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FESTIVALS Germany

Mannheim-Heidelberg, a festival in its sixties with an eye on the future

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- For its 61st edition, Germany's second oldest film festival after Berlin continues to seek out new talent

Mannheim-Heidelberg, a festival in its sixties with an eye on the future

Even if the 61st edition of the Mannheim-Heidelberg International Film Festival (November 8-18) opened with a Patagonian tale titled Tiempos menos modernos (lit. "less modern times"), Germany's second oldest film festival after Berlin, which notably screened the feature debuts of Truffaut, Fassbinder, Wim Wenders, Jarmush, Lars von Trier, and Vinterberg, has not yet renounced to its mission of scouting out new talent. This mission was even honoured last year, when the festival's director Michael Kötz received an Honorary Ecumenical Award from Interfilm and SIGNIS for being a "patron saint of independent cinema".

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Ten European co-productions stand out among the 19 features competing in the international competitionfor its first prize, the Award for Best Newcomer of the Year. They are Filip Marczewski's Shameless [+see also:
trailer
interview: Filip Marczewski
film profile
]
and Tomasz Wasilewski's In a Bedroom [+see also:
film review
trailer
film profile
]
from Poland, Kadija Leclere's Le Sac de farine [+see also:
film review
trailer
film profile
]
(Belgium/France), Threes Anna's Silent City [+see also:
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film profile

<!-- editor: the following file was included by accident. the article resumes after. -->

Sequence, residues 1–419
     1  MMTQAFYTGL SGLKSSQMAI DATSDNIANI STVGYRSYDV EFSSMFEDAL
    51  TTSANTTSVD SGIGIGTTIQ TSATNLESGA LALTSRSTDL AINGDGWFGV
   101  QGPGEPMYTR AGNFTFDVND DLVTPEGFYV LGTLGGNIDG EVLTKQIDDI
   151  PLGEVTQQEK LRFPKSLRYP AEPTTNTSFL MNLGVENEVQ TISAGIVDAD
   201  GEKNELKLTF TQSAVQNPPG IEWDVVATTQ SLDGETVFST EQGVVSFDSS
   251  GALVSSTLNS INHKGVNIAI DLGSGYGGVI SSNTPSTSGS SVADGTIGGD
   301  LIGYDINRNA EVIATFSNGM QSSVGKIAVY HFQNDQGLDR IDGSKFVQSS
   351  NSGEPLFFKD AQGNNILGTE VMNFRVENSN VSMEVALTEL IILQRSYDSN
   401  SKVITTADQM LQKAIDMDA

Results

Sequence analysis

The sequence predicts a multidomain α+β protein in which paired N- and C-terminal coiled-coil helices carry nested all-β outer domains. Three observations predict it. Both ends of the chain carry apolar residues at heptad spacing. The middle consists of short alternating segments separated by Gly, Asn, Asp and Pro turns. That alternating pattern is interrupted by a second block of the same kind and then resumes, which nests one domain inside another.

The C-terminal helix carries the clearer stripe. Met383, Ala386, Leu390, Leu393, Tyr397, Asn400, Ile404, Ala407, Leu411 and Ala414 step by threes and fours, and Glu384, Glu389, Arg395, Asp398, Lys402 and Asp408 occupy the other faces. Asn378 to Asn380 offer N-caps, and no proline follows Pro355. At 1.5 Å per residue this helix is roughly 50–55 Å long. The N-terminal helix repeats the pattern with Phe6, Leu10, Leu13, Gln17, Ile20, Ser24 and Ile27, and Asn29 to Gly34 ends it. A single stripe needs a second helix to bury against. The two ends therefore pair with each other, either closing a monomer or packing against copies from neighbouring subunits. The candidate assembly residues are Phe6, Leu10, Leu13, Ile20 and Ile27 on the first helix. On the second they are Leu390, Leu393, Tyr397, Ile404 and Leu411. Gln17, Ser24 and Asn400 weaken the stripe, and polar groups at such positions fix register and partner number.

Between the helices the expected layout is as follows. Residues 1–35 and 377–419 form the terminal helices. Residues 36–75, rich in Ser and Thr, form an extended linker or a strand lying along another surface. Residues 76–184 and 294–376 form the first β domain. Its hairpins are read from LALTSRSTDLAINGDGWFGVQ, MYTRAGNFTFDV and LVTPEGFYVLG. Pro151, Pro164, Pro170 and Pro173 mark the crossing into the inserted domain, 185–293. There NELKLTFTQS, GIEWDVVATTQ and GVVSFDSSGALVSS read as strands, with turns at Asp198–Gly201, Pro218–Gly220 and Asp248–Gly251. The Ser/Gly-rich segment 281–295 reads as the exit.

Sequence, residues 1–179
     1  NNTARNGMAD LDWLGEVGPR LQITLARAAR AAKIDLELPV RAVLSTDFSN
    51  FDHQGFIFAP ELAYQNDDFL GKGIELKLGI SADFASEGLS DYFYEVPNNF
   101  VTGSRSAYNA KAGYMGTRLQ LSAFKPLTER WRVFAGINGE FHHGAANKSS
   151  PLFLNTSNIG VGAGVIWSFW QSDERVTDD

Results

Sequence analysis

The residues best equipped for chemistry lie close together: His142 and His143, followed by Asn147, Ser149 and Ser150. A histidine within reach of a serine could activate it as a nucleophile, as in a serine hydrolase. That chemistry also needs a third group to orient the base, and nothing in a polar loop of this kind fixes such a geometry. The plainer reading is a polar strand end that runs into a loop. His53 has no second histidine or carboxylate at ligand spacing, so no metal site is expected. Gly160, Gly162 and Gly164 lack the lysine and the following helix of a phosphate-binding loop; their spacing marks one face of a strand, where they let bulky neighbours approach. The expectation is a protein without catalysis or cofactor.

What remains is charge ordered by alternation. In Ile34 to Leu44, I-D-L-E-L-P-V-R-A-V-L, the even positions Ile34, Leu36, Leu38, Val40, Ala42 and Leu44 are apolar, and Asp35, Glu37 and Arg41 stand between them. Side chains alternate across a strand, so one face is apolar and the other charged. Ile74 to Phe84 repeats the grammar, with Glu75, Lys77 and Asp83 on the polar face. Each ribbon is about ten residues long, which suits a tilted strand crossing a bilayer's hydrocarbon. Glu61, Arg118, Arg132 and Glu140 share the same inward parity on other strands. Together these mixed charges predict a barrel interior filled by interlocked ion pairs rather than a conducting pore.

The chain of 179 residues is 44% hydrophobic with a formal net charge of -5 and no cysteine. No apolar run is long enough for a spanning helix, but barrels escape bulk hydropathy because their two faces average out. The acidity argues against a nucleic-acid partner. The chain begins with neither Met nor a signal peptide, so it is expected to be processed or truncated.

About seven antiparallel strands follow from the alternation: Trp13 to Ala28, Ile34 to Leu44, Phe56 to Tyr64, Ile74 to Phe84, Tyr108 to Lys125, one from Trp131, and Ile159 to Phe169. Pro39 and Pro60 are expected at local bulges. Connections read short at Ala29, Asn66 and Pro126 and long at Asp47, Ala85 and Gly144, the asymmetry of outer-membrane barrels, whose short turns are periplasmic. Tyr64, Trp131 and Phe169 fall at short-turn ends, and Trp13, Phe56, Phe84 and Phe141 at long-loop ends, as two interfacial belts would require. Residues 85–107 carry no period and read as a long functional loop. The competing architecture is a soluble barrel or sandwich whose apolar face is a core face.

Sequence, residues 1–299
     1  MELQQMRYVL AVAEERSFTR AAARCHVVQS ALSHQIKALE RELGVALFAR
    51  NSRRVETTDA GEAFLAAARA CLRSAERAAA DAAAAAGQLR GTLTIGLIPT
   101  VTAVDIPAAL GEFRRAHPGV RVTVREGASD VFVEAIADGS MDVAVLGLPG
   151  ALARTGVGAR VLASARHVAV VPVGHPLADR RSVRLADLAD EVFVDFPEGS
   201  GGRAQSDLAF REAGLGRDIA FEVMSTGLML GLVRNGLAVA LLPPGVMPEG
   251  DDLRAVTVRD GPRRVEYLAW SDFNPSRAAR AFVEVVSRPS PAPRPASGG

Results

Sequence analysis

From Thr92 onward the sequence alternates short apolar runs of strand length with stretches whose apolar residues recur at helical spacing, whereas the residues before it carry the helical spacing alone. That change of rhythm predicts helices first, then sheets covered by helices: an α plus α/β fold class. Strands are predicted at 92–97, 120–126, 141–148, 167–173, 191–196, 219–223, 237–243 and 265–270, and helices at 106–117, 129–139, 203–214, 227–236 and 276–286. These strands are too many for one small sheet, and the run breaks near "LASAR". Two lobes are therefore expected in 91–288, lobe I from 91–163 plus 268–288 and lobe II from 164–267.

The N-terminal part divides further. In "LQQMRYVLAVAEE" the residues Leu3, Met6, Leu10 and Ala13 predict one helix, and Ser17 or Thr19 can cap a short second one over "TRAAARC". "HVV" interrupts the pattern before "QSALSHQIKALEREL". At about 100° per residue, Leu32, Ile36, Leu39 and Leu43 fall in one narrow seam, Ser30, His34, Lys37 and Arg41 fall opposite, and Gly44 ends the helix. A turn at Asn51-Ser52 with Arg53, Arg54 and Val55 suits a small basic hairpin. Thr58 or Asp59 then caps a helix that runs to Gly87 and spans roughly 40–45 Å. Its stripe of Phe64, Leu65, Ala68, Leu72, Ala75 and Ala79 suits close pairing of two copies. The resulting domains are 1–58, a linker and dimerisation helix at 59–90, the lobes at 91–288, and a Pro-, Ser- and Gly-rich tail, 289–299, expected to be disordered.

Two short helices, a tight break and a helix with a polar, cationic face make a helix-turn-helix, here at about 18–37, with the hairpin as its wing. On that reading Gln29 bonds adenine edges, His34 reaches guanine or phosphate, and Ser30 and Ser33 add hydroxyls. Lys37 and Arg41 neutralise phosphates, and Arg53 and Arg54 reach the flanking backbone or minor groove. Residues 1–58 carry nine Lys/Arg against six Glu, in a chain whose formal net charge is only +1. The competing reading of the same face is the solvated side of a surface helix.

]
(Netherlands/Luxembourg/Belgium), Jens Sjögren's Good Luck. Take Care of Each Other [+see also:
trailer
film profile
]
(Sweden), Bonifacio Angius's Sa Grascia (Italy), Toomas Hussar's Mushrooming (Estonia), and Frances Lea's Strawberry Fields [+see also:
trailer
film profile
]
(United Kingdom), as well as the following co-productions: David Riker's La niña (United Kingdom/Mexico/United States) and Jason Cortlund and Julia Halperin's Now, Forager [+see also:
trailer
film profile
]
(United States/Poland).

The International Discoveries section is to offer nine gems by directors to watch from all over the world, including the following European titles: French director Christine François's Le Secret de l'enfant fourmi (lit. "The secret of the ant child"), Madrid-born director Miguel Ángel Jiménez Colmenar's Chaika [+see also:
trailer
film profile
]
(Spain/Georgia/Russia/France), and Chilean director Fernando Guzzoni's Carne de perro (lit. "Dog's meat" - France/Germany/Chile). Seven titles in the Special Screenings section answer the question "How should we live?" Among them are Alexandre Sokurov's Faust, Nanni Moretti's We Have a Pope [+see also:
film review
trailer
interview: Nanni Moretti
film profile
]
, German filmmaker Florian Opitz's Speed: In Search of Lost Time, and Xavier Beauvois's Of Gods and Men [+see also:
film review
trailer
interview: Xavier Beauvois
film profile
]
.

Beyond a significant presence of Polish films in competition, this year the festival is to give homage to Krzysztof Kieslowski who was also "discovered" in 1975 at the festival. The latter is to screen five of the master's films: the "Three Colours" trilogy, as well as Blind Chance (1981) and A Short Film About Love (1988). The children's section includes six films, all from Northern Europe.

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(Translated from French)

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